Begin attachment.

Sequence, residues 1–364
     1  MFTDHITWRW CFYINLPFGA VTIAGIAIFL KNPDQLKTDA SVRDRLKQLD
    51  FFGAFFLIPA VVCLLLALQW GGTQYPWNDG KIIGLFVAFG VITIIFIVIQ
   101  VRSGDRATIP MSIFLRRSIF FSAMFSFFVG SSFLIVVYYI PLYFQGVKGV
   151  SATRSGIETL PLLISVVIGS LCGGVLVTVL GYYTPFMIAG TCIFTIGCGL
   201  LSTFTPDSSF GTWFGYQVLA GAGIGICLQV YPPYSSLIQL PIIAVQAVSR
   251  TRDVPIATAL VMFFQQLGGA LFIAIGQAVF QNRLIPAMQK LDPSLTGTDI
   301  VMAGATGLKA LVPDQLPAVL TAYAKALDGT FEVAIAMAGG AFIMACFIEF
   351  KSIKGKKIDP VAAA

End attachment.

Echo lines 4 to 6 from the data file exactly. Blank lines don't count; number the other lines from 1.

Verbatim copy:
   101  VRSGDRATIP MSIFLRRSIF FSAMFSFFVG SSFLIVVYYI PLYFQGVKGV
   151  SATRSGIETL PLLISVVIGS LCGGVLVTVL GYYTPFMIAG TCIFTIGCGL
   201  LSTFTPDSSF GTWFGYQVLA GAGIGICLQV YPPYSSLIQL PIIAVQAVSR